It is evident that there is an urgent need to address climate change, biodiversity and wider environmental challenges as part of the ongoing agricultural transition. However, significant outcomes can be delivered by working in collaboration at a landscape scale, and it is imperative that both policy makers and advisors work with farmers and landowners to identify and understand the opportunities, and realise the potential benefits achievable through changes in land use and management.
In 2021, Defra launched a third round of Environmental Land Management (ELM) Tests and Trials, focussing on how the Landscape Recovery element of the scheme might work. The Landscape Recovery scheme will support more radical land use change and habitat restoration such as creating woodland and wetlands and restoring peatland.
A Successful Bid
Cumulus Consultants is delighted to have helped develop a successful bid for the Landscape Recovery round, working with the North York Moors National Park Authority and consultancy partners, Fera Science Ltd and Viridian Logic. The new Test and Trial will test opportunities for blending public and private finance through the generation of carbon credits and initiatives such as Biodiversity Net Gain, water quality improvements and natural flood management to achieve landscape recovery in the North York Moors National Park.
Whilst it is recognised that farmers and land managers within the North York Moors National Park are well placed to deliver the full range of public goods that society demands, the farms are typically small and managed independently. This project seeks to inform those individual farmers, landowners and land managers of both the public and private funding opportunities that exist and to enable them to recognise what potential outcomes could be achieved, so that they can confidently collaborate and make changes to their land management practices.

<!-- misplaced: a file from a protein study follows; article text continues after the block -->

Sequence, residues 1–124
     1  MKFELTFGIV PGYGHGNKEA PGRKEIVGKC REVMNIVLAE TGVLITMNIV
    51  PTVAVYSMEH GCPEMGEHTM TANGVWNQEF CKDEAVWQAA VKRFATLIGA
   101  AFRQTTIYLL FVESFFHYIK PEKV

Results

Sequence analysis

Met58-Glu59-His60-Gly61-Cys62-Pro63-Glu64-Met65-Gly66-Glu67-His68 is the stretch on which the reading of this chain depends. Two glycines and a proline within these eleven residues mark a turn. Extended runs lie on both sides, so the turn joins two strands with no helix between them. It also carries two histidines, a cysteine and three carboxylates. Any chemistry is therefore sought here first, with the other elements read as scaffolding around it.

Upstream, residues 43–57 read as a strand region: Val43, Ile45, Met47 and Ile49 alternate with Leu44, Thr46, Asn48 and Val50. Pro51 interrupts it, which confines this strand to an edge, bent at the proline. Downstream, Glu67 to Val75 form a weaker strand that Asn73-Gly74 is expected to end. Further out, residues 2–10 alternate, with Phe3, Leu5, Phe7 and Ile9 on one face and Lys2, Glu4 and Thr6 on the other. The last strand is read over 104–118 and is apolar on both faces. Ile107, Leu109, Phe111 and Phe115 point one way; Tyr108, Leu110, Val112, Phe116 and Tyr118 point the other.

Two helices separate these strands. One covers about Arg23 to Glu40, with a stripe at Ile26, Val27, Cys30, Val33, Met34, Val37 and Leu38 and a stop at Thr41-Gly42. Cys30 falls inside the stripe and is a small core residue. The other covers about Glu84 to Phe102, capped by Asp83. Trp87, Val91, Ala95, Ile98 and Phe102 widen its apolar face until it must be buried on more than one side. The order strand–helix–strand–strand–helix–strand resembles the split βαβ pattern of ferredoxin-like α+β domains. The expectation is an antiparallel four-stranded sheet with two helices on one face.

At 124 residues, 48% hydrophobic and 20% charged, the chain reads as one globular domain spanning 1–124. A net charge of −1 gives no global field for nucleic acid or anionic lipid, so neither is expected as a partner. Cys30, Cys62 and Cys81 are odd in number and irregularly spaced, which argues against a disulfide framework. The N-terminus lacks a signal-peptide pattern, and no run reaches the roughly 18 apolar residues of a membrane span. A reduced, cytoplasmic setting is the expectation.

A Collaborative Approach
The fifteen-month project will involve a number of key tasks. GIS mapping and modelling will identify strategic locations for habitat creation and restoration, opportunities for connecting new habitats to existing habitat networks, and opportunities for water quality improvements and natural flood management. We will then identify where biodiversity net gain, carbon credits, water quality improvements and natural flood management interventions will yield the optimal balance between cost and benefit. The economic modelling tool Cumulus developed for the North York Moors National Park Authority during an earlier Test and Trial will then be updated and extended to incorporate both public and private payments for different interventions, to show the impact of these opportunities at both the National Park and individual farm levels. Throughout the project, we will be working with farmers and landowners across the National Park, and a wide range of other stakeholders.
Managing Director of Cumulus Consultants, Paul Silcock, said;
“Collaborating with farmers, land managers and other stakeholders, through a series of workshops, will enable us to identify the potential impacts on farm incomes of public and private environmental funding, and help us to understand farmers’ responses to such opportunities. As the Landscape Recovery scheme develops we think the learning from each stage of the project will be invaluable to Defra, as well as NYMNPA, and the area’s farmers and land managers”.
If you are interested to find out more about the project and/or discuss blended finance or landscape recovery more generally, please do get in touch.